post #52 of 82
6 more days to those planning on at least 2 weeks in Colorado, Me I'll spend some time & $$ in Utah

Yeh, also some time and $$ in Mi. - maybe I should just say the h--l with it and winter over in the west. If I could just convince - - - -


http://www.snow.com/epicpass/epic-pass-details.aspx
post #53 of 82
$199 at Bogus Basin. Pass rates go up as the season gets closer. For that price, you have to purchase in February. It's a combined alpine and nordic pass and comes with one free guest day pass.
post #54 of 82
I think it was $379 for the Seven Springs Pass
                   $439 for the Epic Pass

Never seem to have more than $25 in my wallet , so I couldn't afford to go skiing without it already being paid for!
post #55 of 82
Quote:
Originally Posted by Walt View Post

About $500 for the ski pass (Nubs).  Another $1000 for the lodging pass, but I split that with my wife, so it's about a K for unlimited skiing and accommodations...

Accommodations pass? Do tell more, Im intrigued...
post #56 of 82
$300 for a season pass to Squaw Valley.  Blackout dates are Dec 26 - Jan 2, Jan 16-17, and Feb 13-14
post #57 of 82

490 euros for my pass bought early (50 euro discount), which covers ALL of the Valchiavenna. That's just one ski area, actually, albeit a pretty big one by US standards.

 

Another 160 euros for Prickly Jr.

Mrs. P usually buys 2 or 3-hour ski passes only.

 

Don't even want to get into lessons, babysitting, food, gas (diesel, now), beer. Let's not.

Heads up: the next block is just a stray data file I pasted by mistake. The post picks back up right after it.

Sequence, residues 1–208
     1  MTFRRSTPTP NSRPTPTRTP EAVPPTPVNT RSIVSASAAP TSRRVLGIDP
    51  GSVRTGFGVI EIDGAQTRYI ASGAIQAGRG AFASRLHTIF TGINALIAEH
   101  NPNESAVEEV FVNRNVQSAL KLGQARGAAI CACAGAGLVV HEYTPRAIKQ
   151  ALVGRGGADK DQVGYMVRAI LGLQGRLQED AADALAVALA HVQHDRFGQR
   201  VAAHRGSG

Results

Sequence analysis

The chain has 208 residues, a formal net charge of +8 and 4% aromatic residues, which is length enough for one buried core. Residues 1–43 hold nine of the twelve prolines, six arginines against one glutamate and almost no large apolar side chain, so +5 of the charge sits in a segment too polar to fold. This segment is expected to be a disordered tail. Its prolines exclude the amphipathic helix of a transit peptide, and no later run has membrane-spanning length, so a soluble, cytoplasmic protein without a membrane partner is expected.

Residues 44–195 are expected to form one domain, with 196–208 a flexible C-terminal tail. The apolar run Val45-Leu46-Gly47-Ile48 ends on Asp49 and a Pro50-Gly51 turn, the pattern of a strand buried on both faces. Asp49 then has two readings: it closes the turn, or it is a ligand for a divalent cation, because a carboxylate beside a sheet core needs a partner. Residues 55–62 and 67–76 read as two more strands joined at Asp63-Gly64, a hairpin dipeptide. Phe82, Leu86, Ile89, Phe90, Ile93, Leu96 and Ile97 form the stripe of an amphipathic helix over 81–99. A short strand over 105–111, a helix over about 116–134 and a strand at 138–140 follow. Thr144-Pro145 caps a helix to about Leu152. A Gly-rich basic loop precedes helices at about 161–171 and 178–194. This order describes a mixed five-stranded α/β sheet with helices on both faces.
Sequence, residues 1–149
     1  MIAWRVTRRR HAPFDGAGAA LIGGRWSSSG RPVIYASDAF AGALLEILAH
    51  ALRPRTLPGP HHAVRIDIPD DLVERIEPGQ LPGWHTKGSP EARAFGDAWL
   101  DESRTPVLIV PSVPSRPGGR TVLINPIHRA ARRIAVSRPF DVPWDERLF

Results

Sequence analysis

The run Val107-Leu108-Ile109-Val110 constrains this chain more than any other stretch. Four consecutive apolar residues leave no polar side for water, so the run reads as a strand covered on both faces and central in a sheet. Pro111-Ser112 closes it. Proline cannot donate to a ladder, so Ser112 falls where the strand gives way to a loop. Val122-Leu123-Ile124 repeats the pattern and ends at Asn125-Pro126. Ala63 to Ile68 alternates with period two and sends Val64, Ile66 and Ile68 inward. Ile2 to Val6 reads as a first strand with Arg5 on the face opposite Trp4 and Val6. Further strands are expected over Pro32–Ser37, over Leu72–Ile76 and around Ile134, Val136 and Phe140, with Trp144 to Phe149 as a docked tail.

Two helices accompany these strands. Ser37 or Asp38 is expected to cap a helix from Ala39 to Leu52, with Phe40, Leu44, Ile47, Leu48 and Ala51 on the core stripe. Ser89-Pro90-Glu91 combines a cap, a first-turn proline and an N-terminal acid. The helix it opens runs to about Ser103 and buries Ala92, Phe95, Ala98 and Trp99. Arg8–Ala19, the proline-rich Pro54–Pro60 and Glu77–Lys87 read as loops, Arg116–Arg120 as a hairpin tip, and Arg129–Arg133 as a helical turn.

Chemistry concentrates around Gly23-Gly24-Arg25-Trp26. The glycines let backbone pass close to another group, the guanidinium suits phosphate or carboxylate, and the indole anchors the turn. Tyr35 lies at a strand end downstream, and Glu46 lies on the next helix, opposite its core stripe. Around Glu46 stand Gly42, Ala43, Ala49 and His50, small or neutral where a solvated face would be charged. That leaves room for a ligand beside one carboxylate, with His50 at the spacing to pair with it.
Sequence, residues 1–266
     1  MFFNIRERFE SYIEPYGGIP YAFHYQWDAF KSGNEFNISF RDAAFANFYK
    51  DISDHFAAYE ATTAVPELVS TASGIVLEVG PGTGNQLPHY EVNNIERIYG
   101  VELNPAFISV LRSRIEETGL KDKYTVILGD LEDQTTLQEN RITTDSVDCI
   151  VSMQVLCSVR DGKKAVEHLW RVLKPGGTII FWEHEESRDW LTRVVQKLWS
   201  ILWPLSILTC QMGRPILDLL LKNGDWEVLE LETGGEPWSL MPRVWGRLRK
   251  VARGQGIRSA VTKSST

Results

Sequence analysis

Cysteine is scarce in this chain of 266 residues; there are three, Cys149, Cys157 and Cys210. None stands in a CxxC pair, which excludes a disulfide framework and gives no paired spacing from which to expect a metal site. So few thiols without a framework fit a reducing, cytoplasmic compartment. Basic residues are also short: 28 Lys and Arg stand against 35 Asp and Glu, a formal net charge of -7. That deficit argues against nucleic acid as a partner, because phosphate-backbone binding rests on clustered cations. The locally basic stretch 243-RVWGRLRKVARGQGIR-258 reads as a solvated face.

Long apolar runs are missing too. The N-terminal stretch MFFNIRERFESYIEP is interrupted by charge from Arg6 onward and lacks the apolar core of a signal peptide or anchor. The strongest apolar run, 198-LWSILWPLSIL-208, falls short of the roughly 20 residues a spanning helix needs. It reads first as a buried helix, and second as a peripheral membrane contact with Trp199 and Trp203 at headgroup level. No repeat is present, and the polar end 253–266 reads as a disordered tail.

Next year I think Prickly Jr. moves up from the baby to the Jr. pass category, which will take a bite. And Prickly Jr. Jr. will be skiing too, adding even more cost, though at least lessening some of the babysitting expense. 

No wonder I'm poor. That and all the gear purchasing...
 

post #58 of 82
 Alyeska is $1210. You can get up to $100 off by buying early (as we did).
Perhaps not a great bargain compared to some of these areas, but the season is supposed to run to the end of May again. And it is one heck of a little ski area. We always get our money's worth.

What really surprises me about this thread is how many people have season passes to areas nowhere near where they live.I'd be interested in knowing how often people buy passes to areas far from home.
Since we live just a couple blocks from the ski lifts, a pass is a natural.
But I am not sure it would occur to me to buy a pass to an area hundreds or thousands of miles away.
post #59 of 82

Well, it all depends. Some of those passes are so cheap (Copper Mt. comes to mind) that it makes sense to buy one even if you're only planning on skiing for a week or so.

 

And then if you live in some non-skiing shithole, maybe you buy or rent yourself a place in the Rockies, and get yourself a couple of 10 or 20-day stretches during the season.

I'm about 100, 150 kilometers from where I own a pass.

post #60 of 82
Mt Hood Meadows, bought in groups of 4, $449, bought mine at the end of last season for $399. 16 year old sons pass was $299.